Tuesday, January 15, 2008

Boltzmann's Brain

There is a new article by Dennis Overbye in the New York Times called, Big Brain Theory: Have Cosmologists Lost Theirs?

It could be the weirdest and most embarrassing prediction in the history of cosmology, if not science.

If true, it would mean that you yourself reading this article are more likely to be some momentary fluctuation in a field of matter and energy out in space than a person with a real past born through billions of years of evolution in an orderly star-spangled cosmos. Your memories and the world you think you see around you are illusions.

Source: Sean Carroll, California Institute of Technology

Alway part of the process is to find within my own site information that I had collected to help me understand where Ludwig Boltzmann comes into the picture in the above article.

Now of course I go over to Cosmic Variance's version of Boltzmann's Universe where the article above is referred too.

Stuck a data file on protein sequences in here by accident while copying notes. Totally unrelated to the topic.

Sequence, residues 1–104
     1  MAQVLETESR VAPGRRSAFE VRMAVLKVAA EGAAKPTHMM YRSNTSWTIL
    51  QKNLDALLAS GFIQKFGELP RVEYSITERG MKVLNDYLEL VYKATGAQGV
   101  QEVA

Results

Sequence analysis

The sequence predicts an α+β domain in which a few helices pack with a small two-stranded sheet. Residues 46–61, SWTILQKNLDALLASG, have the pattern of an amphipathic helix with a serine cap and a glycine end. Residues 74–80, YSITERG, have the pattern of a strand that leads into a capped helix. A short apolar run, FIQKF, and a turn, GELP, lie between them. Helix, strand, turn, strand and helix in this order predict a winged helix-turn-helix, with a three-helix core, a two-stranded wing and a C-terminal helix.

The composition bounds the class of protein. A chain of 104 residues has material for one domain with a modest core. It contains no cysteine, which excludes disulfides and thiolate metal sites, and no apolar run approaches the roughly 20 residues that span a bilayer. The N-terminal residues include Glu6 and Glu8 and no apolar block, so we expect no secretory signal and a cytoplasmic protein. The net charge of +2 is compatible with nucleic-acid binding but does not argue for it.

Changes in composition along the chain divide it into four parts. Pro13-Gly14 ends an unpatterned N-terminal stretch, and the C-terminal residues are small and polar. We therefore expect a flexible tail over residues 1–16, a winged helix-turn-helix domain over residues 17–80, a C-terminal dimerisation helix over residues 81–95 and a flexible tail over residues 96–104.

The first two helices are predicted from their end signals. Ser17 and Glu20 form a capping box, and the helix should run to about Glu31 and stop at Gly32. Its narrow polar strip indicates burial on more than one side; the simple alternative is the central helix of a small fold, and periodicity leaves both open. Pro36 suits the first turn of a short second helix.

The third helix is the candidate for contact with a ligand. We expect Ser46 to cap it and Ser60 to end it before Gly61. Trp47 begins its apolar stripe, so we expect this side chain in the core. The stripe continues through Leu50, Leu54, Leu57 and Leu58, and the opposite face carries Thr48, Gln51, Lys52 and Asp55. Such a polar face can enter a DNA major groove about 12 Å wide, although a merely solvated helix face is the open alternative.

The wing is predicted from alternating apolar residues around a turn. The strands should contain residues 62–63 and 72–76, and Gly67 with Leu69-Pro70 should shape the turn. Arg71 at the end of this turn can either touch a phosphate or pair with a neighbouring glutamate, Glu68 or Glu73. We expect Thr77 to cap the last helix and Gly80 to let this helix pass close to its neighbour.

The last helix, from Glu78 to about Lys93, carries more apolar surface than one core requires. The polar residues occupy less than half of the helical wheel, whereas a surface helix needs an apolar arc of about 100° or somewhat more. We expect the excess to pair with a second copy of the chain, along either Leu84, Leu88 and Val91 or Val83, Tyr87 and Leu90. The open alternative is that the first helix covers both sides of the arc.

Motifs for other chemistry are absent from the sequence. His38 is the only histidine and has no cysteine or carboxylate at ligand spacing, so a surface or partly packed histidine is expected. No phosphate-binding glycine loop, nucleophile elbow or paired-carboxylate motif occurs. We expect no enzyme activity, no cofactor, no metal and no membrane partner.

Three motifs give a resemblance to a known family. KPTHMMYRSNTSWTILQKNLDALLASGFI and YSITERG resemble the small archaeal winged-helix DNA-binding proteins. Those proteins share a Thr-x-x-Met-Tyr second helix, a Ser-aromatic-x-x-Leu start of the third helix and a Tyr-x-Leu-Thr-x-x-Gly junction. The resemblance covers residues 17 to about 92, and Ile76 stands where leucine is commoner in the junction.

I look at the discussion that is taking place and try and put the exchange and points raised in mind so that I can understand as best I can "the jest" of the problem and the jest of what people are saying.

This isn't an attempt to rewrite the article, but to open the door to a better understanding of what is being portrayed.

Sean:lylebot, this is basically the point of the post — if the universe is a fluctuation around thermal equilibrium, then no matter what you condition on concerning our present state (including literally everything we know about it), it is overwhelmingly likely that it is a random fluctuation from a higher-entropy past. Even if we have memories apparently to the contrary!

The Universe and Irreversibility

Now it is quite loosely put together in my head that I went searching to try and understand the context in which the universe was placed in accordance to the state of equilibrium.

In equilibrium, the entropy of the system cannot increase (because it is already at a maximum) and it cannot decrease (because that would violate the second law of thermodynamics). The only changes allowed are those in which the entropy remains constant.

See: What is the entropy of the universe?

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